A feral world Sage might be a storyteller or bard to his people, collecting centuries of tales and legends, as well as a wealth of lore about its plants, wildlife, and weather patterns. A shrine world Sage likely served as a scholar of the Imperial Creed, and knows extensively about the saint his world is famed for, to the point where his specific knowledge on the subject outstrips even that of the local Ministorum hierarchy. In all these forms, a Sage is the most learned of his people, well-known if not necessarily wellrespected for his obsessive gifts for analysing and extracting theendless data that defines the Imperium.


To the scholar’s ear, there is no worse sound than the tearing of parchment. It always marks a desecration of one sort or another, be it a priceless work lost or a savant destroying his own fl wed labours in disgust. You know this because the murmuring of savants, clicking of lexmachinery, and scent of ink and dust have been a part of your life for as long as you can recall. Apprentices are brought young into the Adept’s trade, for there is much to learn and the human span holds little time to learn it in. Apprentices sit in attendance at meeting after meeting between elder savants, bathed in the exchange of knowledge until they know how to learn and the correct knowledge has been drilled into them. All the galaxy is packed with knowledge, and even the smallest drop of it would fill the minds of a world of savants to bursting. Yet you derive much comfort from learning—even though you could never personally know more than a miniscule fraction of all there is to know.

New Horizons: Seeker of the Truth

There’s a whole galaxy out there that’s full of the unknown. A select few seek out the hidden knowledge of the cosmos and the truths of existence. They pore over ancient lore and texts, something deep within them driving them ever onward. Some seek out the technology of the past, hoping to seize it for their own use or for use by a powerful patron, as they traverse the galaxy studying ancient ruins and decrepit tombs. A rare few walk a dangerous line as they seek out and study knowledge and lore concerning the various works of the xenos. All of these endeavours are perilous, for in the Imperium knowledge can lead to a life of persecution, misery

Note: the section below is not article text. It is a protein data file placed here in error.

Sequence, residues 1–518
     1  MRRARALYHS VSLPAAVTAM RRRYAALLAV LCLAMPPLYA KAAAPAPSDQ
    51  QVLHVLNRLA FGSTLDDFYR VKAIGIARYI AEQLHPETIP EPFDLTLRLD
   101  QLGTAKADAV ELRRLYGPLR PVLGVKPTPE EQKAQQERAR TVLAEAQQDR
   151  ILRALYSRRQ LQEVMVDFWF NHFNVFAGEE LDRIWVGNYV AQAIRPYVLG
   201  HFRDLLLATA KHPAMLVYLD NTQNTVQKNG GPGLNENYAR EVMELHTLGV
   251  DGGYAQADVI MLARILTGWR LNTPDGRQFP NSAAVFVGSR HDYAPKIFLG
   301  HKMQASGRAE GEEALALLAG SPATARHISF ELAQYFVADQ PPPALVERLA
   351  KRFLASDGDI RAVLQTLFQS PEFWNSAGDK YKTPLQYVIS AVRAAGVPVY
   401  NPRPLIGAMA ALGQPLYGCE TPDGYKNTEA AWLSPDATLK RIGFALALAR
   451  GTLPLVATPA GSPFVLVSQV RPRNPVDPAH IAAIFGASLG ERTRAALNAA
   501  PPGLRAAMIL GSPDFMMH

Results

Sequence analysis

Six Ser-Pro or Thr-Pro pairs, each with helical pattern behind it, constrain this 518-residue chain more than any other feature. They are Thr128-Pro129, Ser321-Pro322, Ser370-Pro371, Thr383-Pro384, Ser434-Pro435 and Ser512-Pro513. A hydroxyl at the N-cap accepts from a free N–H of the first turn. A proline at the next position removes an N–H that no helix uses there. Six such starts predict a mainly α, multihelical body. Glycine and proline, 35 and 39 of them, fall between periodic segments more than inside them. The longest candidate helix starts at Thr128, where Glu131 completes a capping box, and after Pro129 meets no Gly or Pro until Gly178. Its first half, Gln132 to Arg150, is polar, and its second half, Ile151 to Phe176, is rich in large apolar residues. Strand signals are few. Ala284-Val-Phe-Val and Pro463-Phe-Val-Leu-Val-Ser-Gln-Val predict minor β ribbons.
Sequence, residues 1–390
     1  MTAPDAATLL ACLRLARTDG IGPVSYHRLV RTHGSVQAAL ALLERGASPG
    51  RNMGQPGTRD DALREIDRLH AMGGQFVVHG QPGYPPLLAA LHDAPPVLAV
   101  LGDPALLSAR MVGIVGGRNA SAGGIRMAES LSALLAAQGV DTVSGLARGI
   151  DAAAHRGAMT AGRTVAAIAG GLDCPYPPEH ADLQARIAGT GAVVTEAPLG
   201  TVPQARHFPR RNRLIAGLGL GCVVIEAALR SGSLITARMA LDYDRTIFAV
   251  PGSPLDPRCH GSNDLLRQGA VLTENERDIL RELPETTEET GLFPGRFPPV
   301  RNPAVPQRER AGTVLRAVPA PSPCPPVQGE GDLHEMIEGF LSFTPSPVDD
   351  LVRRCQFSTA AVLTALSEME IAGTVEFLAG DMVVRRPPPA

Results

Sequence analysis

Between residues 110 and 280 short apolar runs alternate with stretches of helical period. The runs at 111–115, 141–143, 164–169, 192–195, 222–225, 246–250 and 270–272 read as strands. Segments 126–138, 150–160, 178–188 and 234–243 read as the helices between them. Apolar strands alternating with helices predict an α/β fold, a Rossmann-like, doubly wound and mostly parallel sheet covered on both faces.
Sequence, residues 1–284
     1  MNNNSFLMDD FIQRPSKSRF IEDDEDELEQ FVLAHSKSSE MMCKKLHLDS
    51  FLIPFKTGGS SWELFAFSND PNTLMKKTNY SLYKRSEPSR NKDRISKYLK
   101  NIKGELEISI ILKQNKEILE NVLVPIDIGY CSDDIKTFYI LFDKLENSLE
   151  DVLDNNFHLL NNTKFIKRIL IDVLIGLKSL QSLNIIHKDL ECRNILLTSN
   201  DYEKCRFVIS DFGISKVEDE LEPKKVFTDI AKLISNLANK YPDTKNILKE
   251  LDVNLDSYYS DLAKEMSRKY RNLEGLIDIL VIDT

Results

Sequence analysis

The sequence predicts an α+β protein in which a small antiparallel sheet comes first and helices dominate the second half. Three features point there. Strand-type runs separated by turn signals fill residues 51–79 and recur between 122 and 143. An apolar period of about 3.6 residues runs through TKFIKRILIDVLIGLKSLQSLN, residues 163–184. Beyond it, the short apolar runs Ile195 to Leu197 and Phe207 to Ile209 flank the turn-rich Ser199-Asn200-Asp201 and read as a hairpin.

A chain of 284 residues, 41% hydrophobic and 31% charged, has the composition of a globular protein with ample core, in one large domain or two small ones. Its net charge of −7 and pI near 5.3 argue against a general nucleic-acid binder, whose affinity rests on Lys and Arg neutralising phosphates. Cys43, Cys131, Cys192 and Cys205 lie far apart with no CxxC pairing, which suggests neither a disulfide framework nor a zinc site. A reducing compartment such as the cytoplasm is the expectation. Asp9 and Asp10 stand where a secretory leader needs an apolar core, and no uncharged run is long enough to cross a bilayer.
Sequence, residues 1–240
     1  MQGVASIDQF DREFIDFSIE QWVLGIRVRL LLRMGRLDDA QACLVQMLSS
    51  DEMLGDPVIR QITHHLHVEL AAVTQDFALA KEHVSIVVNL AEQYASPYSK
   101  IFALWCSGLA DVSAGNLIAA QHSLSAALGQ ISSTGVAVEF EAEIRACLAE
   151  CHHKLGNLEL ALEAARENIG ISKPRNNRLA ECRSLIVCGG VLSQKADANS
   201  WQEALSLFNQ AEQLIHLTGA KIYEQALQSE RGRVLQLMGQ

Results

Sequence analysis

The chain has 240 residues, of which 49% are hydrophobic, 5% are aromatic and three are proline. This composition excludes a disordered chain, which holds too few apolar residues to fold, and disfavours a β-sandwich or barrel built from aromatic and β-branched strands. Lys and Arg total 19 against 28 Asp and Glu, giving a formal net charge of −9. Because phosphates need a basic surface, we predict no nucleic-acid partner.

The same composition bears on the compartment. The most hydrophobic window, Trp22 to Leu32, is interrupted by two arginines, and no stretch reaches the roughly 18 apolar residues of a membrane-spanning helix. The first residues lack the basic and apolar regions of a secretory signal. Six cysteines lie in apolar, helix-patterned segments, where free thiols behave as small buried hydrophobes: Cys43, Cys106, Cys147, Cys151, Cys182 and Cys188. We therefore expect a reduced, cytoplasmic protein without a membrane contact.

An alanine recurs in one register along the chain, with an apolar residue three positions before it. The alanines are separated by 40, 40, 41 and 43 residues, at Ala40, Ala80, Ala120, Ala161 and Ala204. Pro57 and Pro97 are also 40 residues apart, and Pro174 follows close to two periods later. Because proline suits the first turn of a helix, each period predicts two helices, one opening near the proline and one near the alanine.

and insanity—but many are willing to brave the risks, for the rewards are great indeed.

Seeker of Truth
You have always been inquisitive, and within Imperial society, this is a trait highly frowned upon. Thus, you have had to strike out and follow your own path through librariums going from one mystery to the next. You have a thirst for knowledge that has brought you out into the Imperial worlds of knowledge.

Character story choices:

  1. Perhaps you seek to decipher the riddle of why a particular precursor race vanished.
  2. Maybe you’re seeking an empirical truth, or enlightenment that you know must be somewhere in the cosmos.
  3. Perhaps you simply want validation to a theory you have. Regardless, you are prepared to travel to the ends of the universe to find it.

Cost: 100xp

Dark Encounter

Starport taverns and station galleys are filled with travellers, wanderers, and old voidfarers. Sooner or later, when the lumen globes have dimmed, these folk will tell of the many strange legends they have heard. They tell of hell-hulks crewed by the lost and warp storms that howl with mocking voices, of the things that claw and scratch at the hull waiting for the merest flicker of the Geller Field for the warp to pour in and devour all, and of horrifying xenos encounters and voyages of the damned. But you have no taste for such stories, because you know the truth—you have lived them. You have stared into the eyes of the abyss and lived.

Character story choices:

  1. You witnessed an deamonic possession caused by someone perusing a heretical text.
  2. You catalogued an heretical library to aid an investigation of Inquisitor.
  3. Your curiosity was overwhelmed and you studied a book condemned as a heretical text.

These experiences have marked you, opening your eyes to the darkness that hides beneath the surface of things, and whether you have recoiled in dread or been drawn on in fascination is a truth you keep to yourself.
Things Man Was Not Meant to Know: You may gain a single Forbidden Lore Skill pertaining to your experiences (or may increase a Forbidden Lore Skill you already possesses by one level), or may gain the Resistance (Fear) Talent.
Marked by Darkness: Haunted by your experiences, you gain 1d5 Insanity Points.

Idealist: Art

Aesthetics is a branch of philosophy that deals with the nature of beauty, taste and creed as well as the philosophy of art (its own area of philosophy that comes out of aesthetics). It examines aesthetic values, often expressed through judgments of taste, Ecclesiarchy and Inquisition.

Aesthetics covers both natural and artificial sources of aesthetic experience and judgment. It considers what happens in our minds when we engage with aesthetic objects or environments such as viewing visual art, listening to hymns, reading prayers, witnessing an execution of a heretic, or exploring the Imperium. The philosophy of art specifically studies how artists imagine, create, and perform works of art, as well as how people use, enjoy, and criticize art. Aesthetics considers why people like some works of art and not others, as well as how art can affect moods or even our beliefs. Both aesthetics and the philosophy of art ask questions like “What is art?,” “What is a work of art?,” and “What makes art worthy to the God-Emperor?”